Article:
While giving relief to Parle Agro on taxability of flavoured milk, the Madras High Court has held that GST Council cannot determine the classification,
A single judge bench, in its recent ruling, held that flavoured milk would attract GST at the rate of 5 per cent. The GST Council, in its meeting on December 22, 2018, classified ‘flavoured milk’ under the HSN (Harmornised System of Nomenclature) Code 2202. Accordingly, it attracted GST at the rate of 12 per cent. Now the question was whether it is a ‘beverage containing milk’ (HS Code 2202, GST rate 12 per cent) or ‘Milk and Cream (Chapter 0402, GST rate 5 per cent).’
“GST Council has given a wrong recommendation. It also cannot determine the classification. Determination of classification also does not fall within the preserve of the respondent GST Council,” a bench of Justice C. Saravanan said. Further, the bench said Classification ought to have been independently determined by the Assessing Officer. “It is for the Government to fix an appropriate rate on goods that are classifiable under the Customs Tariff Act, 1975,” it said.
The bench quoted the Supreme Court’s ruling in the case of Mohit Minerals. The apex court had observed that the recommendations of the GST Council are not binding on the Union and states. The deletion of Article 279B and the inclusion of Article 279(1) by the Constitution Amendment Act 2016 indicates that Parliament intended for the recommendations of the GST Council to only have a persuasive value, particularly “when interpreted along with the objective of the GST regime to foster cooperative federalism and harmony between the constituent units,” the apex court said in its ruling.
Meanwhile, on the issue of flavoured milk, the single judge bench of the Madras High Court observed that this expression has to necessarily contain alcohol of specified strength and hence ‘flavoured milk’ made out of diary milk from milch cattle/ dairy animals cannot come within the purview of Chapter 22 . It applied the principle of ‘Nosciter – a sociss’ (that the words must take colour from words with which they are associated) to arrive at finding that the expression ‘Beverage Containing Milk’ can include only such beverage containing plant/ seed-based milk, which incidentally contains alcohol of specified strength, such as coconut milk, almond milk, peanut milk, lupin milk, hazelnut milk, pistachio milk, walnut milk or seed-based milk such as sesame milk and flax milk.
The bench held that notifications under the erstwhile Central Excise Act, 1944, classifying ‘Flavoured Milk’ as ‘Beverage Containing Milk’, were ‘erroneous’ and just because they were never contested by assessees being beneficial, does not make the classification right. It also made clear that classifications adopted under the erstwhile indirect tax regime, namely excise, are not relevant for determining correct classification under the new GST regime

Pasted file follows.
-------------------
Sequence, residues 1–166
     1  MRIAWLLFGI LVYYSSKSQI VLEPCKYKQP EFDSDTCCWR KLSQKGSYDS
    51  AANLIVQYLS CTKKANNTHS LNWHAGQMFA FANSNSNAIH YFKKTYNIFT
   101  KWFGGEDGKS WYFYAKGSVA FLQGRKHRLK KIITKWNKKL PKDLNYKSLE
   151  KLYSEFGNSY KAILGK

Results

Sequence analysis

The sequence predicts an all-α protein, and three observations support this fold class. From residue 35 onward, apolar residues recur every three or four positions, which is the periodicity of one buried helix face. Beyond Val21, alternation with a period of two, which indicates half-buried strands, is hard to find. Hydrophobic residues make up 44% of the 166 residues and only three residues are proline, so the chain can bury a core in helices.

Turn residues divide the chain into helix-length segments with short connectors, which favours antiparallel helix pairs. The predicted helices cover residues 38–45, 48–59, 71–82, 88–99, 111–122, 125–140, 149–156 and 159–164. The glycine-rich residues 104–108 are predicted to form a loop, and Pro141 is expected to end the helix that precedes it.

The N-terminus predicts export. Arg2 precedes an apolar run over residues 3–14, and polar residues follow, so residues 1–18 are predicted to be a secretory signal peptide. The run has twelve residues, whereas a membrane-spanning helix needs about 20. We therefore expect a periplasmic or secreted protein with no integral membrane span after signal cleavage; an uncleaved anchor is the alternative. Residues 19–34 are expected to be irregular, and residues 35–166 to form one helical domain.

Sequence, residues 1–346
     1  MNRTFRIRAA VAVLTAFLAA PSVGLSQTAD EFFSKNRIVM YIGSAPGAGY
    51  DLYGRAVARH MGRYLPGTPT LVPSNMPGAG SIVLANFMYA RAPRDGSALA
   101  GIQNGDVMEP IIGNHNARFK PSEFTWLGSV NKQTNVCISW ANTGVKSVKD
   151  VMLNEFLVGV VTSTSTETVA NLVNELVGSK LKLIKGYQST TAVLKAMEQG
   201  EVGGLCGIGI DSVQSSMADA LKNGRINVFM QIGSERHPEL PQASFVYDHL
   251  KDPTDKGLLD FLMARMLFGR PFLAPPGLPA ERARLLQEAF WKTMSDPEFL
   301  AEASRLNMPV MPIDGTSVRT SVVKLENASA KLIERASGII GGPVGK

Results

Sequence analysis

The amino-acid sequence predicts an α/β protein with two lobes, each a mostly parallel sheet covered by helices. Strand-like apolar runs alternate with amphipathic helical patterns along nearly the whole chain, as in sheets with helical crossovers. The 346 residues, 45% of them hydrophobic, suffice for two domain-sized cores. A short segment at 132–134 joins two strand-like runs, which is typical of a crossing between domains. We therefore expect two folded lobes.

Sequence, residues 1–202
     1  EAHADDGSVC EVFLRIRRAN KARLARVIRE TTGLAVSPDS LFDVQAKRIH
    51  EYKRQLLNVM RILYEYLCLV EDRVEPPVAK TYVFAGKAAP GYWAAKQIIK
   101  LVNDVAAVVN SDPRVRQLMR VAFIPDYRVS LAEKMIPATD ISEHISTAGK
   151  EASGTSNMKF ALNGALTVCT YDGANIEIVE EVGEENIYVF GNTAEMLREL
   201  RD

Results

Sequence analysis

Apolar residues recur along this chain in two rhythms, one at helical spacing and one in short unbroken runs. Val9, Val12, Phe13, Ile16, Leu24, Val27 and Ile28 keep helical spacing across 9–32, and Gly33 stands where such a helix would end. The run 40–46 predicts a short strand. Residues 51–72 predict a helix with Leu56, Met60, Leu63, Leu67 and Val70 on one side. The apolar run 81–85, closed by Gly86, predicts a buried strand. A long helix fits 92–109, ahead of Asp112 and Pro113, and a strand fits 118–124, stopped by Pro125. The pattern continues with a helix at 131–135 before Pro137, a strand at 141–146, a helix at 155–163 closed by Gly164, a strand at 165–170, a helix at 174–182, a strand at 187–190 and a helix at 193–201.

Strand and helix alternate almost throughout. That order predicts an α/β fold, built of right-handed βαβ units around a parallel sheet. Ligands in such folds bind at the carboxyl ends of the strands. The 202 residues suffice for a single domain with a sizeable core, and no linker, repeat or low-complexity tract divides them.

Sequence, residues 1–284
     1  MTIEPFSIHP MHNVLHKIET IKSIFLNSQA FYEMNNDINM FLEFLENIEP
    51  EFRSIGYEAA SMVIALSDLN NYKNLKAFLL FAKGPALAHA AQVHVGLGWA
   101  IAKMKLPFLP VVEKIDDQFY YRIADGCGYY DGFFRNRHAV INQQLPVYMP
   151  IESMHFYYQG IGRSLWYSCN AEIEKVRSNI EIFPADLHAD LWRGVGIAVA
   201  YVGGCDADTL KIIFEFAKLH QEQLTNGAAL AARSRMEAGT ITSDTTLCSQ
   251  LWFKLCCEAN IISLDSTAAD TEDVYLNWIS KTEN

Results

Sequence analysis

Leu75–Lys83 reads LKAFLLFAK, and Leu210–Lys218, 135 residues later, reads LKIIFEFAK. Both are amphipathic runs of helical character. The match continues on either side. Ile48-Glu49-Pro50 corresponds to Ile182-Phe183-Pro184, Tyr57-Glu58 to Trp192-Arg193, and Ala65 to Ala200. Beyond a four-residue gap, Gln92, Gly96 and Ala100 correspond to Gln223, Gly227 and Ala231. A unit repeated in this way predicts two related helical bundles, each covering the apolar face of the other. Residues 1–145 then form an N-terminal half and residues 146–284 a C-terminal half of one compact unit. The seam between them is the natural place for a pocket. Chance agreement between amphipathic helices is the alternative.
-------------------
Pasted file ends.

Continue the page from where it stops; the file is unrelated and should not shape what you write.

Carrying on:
“I am of the view that ‘Flavoured Milk’ that was proposed to be manufactured by the petitioner at the time of institution of the Writ Petition has to still be classified under Tariff Heading 0402 of the Customs Tariff Act, 1974 and is, therefore, liable to Central Tax at 2.5 per cent (5 per cent after adding SGST at 2.5 per cent) in terms of Entry 8 to the First Schedule to Notification No.1/2017-CT(Rate) dated 28.06.2017,” the bench said. However, the Central Government can either tweak the rate on the recommendation of the GST Council or by itself.
GST Council cannot determine classification; Allows writ on ‘flavoured milk’ controversy
➡️ Wrong Classification of Flavoured Milk: The Madras High Court addressed a case where Parle Agro challenged the classification of ‘flavoured milk’ under HS Code No. 2202 instead of HS Code 0402, which would result in a lower GST rate of 5% instead of 12%.
➡️ GST Council’s Limited Authority: The court asserted that the GST Council does not have the authority to determine the classification of goods, emphasizing that this falls outside the purview of the Council.
➡️ Customs Tariff Act Determination: The High Court analyzed the GST law, the charging section, and the historical practice of classification under the Customs Tariff Act. It concluded that ‘flavoured milk’ should be classified under Tariff Heading 0402, attracting a 5% GST.
➡️ Interpretation of ‘Beverages Containing Milk’: The court scrutinized relevant notes in the Customs Tariff Act and applied the principle of “Nosciter – a sociss” to conclude that ‘Beverages Containing Milk’ pertains only to plant/seed-based milk with alcohol, excluding dairy milk-based flavoured milk.
➡️ Rejection of Previous Indirect Tax Classifications: The High Court rejected past classifications of ‘Flavoured Milk’ under the Central Excise Act, deeming them erroneous. It emphasized that previous classifications under the Excise Act are irrelevant for determining the correct classification under the new GST regime. The court allowed the government to issue a fresh notification to adjust the tax rate if needed.
✔️ M/s.Parle Agro Pvt. Ltd. vs .Union of India & Ors.
Source : The Hindu Businessline 14th Nov 2023 with some syndicated feeds from social media